o-clock: Type-safe time library.

[ library, mit, program, time ] [ Propose Tags ]

See README.md for details.

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Versions 0.0.0, 0.1.0, 0.1.1, 1.0.0
Change log CHANGELOG.md
Dependencies aeson (>=1.2.4), base (>=4.9 && <5), deepseq (>=1.4), ghc-prim (>=0.5), hashable (>=1.2.6), o-clock, serialise (>=0.2), text [details]
License MIT
Copyright 2018 Serokell
Author @serokell
Maintainer Serokell <hi@serokell.io>
Category Time
Home page https://github.com/serokell/o-clock
Bug tracker https://github.com/serokell/o-clock/issues
Source repo head: git clone https://github.com/serokell/o-clock
Uploaded by shersh at Fri Jun 22 04:53:02 UTC 2018
Distributions LTSHaskell:1.0.0, NixOS:1.0.0, Stackage:1.0.0
Executables play-o-clock
Downloads 218 total (58 in the last 30 days)
Rating 2.25 (votes: 2) [estimated by rule of succession]
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Status Docs available [build log]
Last success reported on 2018-06-22 [all 1 reports]
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Provide instances for aeson


Provide instances for hashable


Provide instances for deepseq


Provide instances for serialise


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Maintainer's Corner

For package maintainers and hackage trustees

Readme for o-clock-1.0.0

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Hackage Build status Stackage Stackage Nightly MIT license


O'Clock is the library that provides type-safe time units data types.

Most understandable use case is using threadDelay function. If you want to wait for 5 seconds in your program, you need to write something like this:

threadDelay (5 * 10^(6 :: Int))

With O'Clock you can write in several more convenient ways (and use more preferred to you):

threadDelay $ sec 5
threadDelay (Time @Second 5)
threadDelay @Second 5


O'Clock provides the following features to its users:

  1. Single data type for all time units.

    • Different time units represented as different type parameters for single Time data type. Amount of required boilerplate is minimal.
  2. Time stored as Rational number.

    • It means that if you convert 900 milliseconds to seconds, you will have 0.9 second instead of 0 seconds. So property toUnit @to @from . toUnit @from @to ≡ id is satisfied.
  3. Different unit types are stored as rational multiplier in type.

    • o-clock package introduces its own kind Rat for type-level rational numbers. Units are stored as rational multipliers in type. Because of that some computation is performed on type-level. So if you want to convert Week to Day, o-clock library ensures that time units will just be multipled by 7.
  4. Functions from base that work with time are converted to more time-safe versions:

    • These functions are: threadDelay, timeout, getCPUTime.
  5. Externally extensible interface.

    • It means that if you want to roll out your own time units and use it in your project, this can be done in easy and convenient way (see tutorial below).
  6. O'Clock contains useful instances like Hashable, NFData, Serialise, ToJSON, FromJSON but it's not included to the package by default. To do that you need to provide corresponding flag from this list: hashable, deepseq, serialise and aeson.

Note: features support for GHC-8.2.2 and GHC-8.0.2 is quite limited.

Example: How to make your own time unit

This README section contains tutorial on how you can introduce your own time units. Let's solve the following problem:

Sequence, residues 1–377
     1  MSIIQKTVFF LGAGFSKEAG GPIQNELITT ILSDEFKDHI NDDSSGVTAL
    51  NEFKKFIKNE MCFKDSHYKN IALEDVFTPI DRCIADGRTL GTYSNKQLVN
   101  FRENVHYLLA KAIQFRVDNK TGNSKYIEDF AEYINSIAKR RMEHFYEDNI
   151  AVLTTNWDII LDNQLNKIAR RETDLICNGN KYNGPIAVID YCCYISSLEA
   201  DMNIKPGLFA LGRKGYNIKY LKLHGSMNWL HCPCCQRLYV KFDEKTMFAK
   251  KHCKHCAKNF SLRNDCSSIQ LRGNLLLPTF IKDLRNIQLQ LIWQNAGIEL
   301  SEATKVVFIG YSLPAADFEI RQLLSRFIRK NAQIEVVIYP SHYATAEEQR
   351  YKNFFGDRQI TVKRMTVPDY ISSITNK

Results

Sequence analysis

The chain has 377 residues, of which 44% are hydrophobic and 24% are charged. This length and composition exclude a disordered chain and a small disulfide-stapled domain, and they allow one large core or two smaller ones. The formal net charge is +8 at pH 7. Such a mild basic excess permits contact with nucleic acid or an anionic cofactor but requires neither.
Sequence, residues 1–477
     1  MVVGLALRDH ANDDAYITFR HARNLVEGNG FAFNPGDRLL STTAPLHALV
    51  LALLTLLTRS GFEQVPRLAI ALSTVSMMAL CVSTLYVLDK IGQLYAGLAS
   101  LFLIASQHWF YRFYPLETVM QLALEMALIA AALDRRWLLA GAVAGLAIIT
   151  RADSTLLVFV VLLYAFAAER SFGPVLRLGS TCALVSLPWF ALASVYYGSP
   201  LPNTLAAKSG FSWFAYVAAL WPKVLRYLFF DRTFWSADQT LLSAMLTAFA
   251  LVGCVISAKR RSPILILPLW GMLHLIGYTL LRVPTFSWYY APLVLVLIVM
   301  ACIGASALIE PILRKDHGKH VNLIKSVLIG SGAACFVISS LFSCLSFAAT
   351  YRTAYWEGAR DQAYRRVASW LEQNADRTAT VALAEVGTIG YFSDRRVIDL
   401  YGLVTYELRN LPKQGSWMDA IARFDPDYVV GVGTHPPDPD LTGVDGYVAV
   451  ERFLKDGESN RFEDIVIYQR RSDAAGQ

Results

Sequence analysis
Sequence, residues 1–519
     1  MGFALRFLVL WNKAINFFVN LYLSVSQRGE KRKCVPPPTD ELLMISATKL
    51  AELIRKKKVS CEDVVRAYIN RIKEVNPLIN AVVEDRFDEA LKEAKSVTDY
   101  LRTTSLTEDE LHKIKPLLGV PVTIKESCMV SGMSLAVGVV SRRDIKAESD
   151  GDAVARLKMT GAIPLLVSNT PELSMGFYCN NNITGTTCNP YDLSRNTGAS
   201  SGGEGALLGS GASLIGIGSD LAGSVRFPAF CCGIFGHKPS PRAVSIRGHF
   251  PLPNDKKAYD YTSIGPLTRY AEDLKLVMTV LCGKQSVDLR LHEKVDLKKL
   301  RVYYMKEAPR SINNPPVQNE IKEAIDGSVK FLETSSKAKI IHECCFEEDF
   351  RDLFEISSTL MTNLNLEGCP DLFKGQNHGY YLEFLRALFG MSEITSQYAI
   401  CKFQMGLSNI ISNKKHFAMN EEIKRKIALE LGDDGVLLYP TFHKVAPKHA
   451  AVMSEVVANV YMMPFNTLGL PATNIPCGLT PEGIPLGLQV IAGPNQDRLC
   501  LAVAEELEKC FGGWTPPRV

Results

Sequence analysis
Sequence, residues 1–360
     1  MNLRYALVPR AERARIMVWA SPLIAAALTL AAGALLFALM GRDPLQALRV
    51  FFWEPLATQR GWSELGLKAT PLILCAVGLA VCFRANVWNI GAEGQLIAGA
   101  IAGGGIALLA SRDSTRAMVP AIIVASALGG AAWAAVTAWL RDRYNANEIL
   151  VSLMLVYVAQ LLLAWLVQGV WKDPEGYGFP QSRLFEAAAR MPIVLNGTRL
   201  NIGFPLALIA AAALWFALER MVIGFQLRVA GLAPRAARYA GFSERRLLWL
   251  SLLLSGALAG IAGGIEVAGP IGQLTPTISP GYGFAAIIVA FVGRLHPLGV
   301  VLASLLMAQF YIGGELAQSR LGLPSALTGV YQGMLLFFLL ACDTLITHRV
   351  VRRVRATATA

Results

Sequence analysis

You're CEO of big company. Your employers report you number of hours they worked this month. You want format hours in more human-readable way, i.e. in number of work weeks and work days. So we want 140 hours be formatted as 3ww2wd (3 full work weeks and 2 full work days).

Setting up

Since this tutorial is literate haskell file, let's first write some pragmas and imports.

{-# LANGUAGE CPP              #-}
{-# LANGUAGE DataKinds        #-}
{-# LANGUAGE TypeApplications #-}
{-# LANGUAGE TypeFamilies     #-}
{-# LANGUAGE TypeOperators    #-}

module Main where

#if ( __GLASGOW_HASKELL__ >= 804 )
import Time (type (*))
import Time ((:%), (-:-), Time, Hour, UnitName,floorUnit, hour, seriesF, toUnit)

Introduce custom units

You need to write some code in order to introduce your own time units. In our task we need work day represented as 8 hours and work week represented as 5 work days.

-- | Time unit for a working day (8 hours).
#if ( __GLASGOW_HASKELL__ >= 804 )
type WorkDay = 8 * Hour
type WorkDay = 28800 :% 1

-- | Time unit for a work week (5 working days).
#if ( __GLASGOW_HASKELL__ >= 804 )
type WorkWeek = 5 * WorkDay
type WorkWeek = 144000 :% 1

-- this allows to use 'Show' and 'Read' functions for our time units
type instance UnitName (28800  :% 1) = "wd"  -- One WorkDay  contains 28800  seconds
type instance UnitName (144000 :% 1) = "ww"  -- One WorkWeek contains 144000 seconds


Now let's implement main logic of our application. Our main function should take hours, convert them to work weeks and work days and then show in human readable format.

calculateWork :: Time Hour -> (Time WorkWeek, Time WorkDay)
calculateWork workHours =
    let completeWeeks = floorUnit $ toUnit @WorkWeek workHours
        completeDays  = floorUnit $ toUnit @WorkDay  workHours -:- toUnit completeWeeks
    in (completeWeeks, completeDays)

formatHours :: Time Hour -> String
formatHours hours = let (weeks, days) = calculateWork hours in show weeks ++ show days

After that we can simply print the output we wanted.

Thought we have special function for this kind of formatting purposes seriesF. So the similar result (but not rounded) can be gained with the usage of it. Check it out:

main :: IO ()
main = do
    putStrLn $ "The result:   " ++ formatHours (hour 140)
    putStrLn $ "With seriesF: " ++ (seriesF @'[WorkWeek, WorkDay] $ hour 140)

And the output will be

The result:   3ww2wd
With seriesF: 3ww2+1/2wd